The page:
Serving the campus of the University of Alabama since 1894

The Crimson White

Serving the campus of the University of Alabama since 1894

The Crimson White

Serving the campus of the University of Alabama since 1894

The Crimson White

Controlled Explosions: UA professor explores innovative engines

CW / Natalie Teat
Professor Agrawal showcases his rotating combustion engine.

Ajay Agrawal, a mechanical engineering professor at The University of Alabama, is pushing the boundary of engine technology with his rotating detonation combustion research.  

Since 2018, Agrawal has been exploring a different type of combustion, focusing on three goals: improved efficiency, reduced emissions and more flexible fuels. 

Normal combustion, such as a burning candle or a diesel engine, burns slower than the speed of sound. Detonation is a type of combustion in which the flame moves at supersonic speeds. 

Rotating detonation engines harness this type of combustion using circular chambers where the burning fuel continuously revolves around the engine.   

“When you hear ‘detonation,’ you don’t like it, because it’s destructive,” Agrawal said about his field of study. “Nobody has used [rotating] detonation effectively so far because it’s destructive.” 

In his lab, Agrawal has two rotating detonation engines, each with a different application. One is a project with NASA for rocket engines, and the other is a project with the Department of Energy for power generation. 

This makes the University of Alabama the only university with two different types of rotating detonation engines on campus, Agrawal said. These prototypes are small, but they generate massive amounts of power and heat. 

Dalton Langner, a doctoral student working with Agrawal, said the engines are about 8 inches in diameter but that they can create the same heat output as 10 semitruck engines. 

The maximum output for the current prototypes is 10 megawatts, roughly equivalent to the power output of five diesel locomotives. However, that power output is difficult to sustain without destroying the engine.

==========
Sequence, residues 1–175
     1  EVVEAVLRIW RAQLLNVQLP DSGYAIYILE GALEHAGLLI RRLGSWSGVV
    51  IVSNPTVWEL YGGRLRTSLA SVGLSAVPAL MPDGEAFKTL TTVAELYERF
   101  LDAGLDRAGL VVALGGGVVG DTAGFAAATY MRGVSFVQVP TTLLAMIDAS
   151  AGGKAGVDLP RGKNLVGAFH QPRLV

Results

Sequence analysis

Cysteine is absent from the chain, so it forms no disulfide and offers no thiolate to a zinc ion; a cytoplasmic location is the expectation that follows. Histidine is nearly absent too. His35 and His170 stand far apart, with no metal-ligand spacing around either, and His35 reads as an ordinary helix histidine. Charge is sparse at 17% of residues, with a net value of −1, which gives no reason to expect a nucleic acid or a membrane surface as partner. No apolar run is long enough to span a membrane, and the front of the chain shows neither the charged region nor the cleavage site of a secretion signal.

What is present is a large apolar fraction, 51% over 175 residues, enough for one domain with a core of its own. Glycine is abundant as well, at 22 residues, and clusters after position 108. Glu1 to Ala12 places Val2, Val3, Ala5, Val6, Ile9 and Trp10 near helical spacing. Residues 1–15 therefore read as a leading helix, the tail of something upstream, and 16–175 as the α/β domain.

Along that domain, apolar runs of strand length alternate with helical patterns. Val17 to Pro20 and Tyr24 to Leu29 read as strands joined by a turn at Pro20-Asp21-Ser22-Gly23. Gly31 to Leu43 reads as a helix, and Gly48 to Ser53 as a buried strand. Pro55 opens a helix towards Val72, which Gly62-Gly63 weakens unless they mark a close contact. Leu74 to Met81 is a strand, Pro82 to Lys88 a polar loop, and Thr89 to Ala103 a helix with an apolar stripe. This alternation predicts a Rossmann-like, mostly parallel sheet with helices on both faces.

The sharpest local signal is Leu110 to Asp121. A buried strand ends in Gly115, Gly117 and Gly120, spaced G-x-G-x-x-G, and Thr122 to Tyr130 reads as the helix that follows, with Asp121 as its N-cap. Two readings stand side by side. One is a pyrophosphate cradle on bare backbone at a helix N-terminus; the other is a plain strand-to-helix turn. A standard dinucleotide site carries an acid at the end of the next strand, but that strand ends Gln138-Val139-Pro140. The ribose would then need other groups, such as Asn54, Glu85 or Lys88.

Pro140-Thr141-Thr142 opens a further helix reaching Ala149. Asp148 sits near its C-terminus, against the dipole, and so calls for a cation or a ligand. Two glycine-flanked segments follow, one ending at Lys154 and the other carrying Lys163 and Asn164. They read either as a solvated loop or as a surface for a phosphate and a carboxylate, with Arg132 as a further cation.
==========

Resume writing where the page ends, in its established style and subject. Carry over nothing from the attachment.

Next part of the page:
“Just half a second is the whole test duration,” Apurav Gupta, another doctoral student in Agrawal’s lab, said. “It just melts the metal.” 

Despite the challenges that rotating detonation engines present, the possible benefits are promising.   

Rockets with rotating detonation engines would produce more thrust using smaller engines. This is ideal for deep space missions on small to midsize rockets and could be used on missions to Mars, Agrawal said. 

Rotating detonation engines have the potential to be used in power plants as well. Agrawal said they generate immense amounts of power more efficiently than traditional types of combustion and can be run using environmentally friendly fuels like hydrogen. 

Although rotating detonation combustion offers these benefits, it is not as clean as renewable electrical engines. 

“There is no electrical option to launch rockets,” Agrawal said. “High-speed missiles need to be fuel-based. Or even for power generation in power plants, most of it is fuel-based right now, although we can transition to other options gradually.” 

Technologies like fusion energy are likely the long-term solution, but those options are still many years away. According to Agrawal, rotating detonation engines could arrive in as little as five to 10 years.  

Agrawal said the research he and his team have done at the University is not only scientifically beneficial, but also socially beneficial. He said the research process teaches students how to be leaders and innovators. 

“We push the limit of technology, but at the same time, in doing so, we are creating people … who are going to decide what this country needs to do next or where to lead the world,” Agrawal said. 

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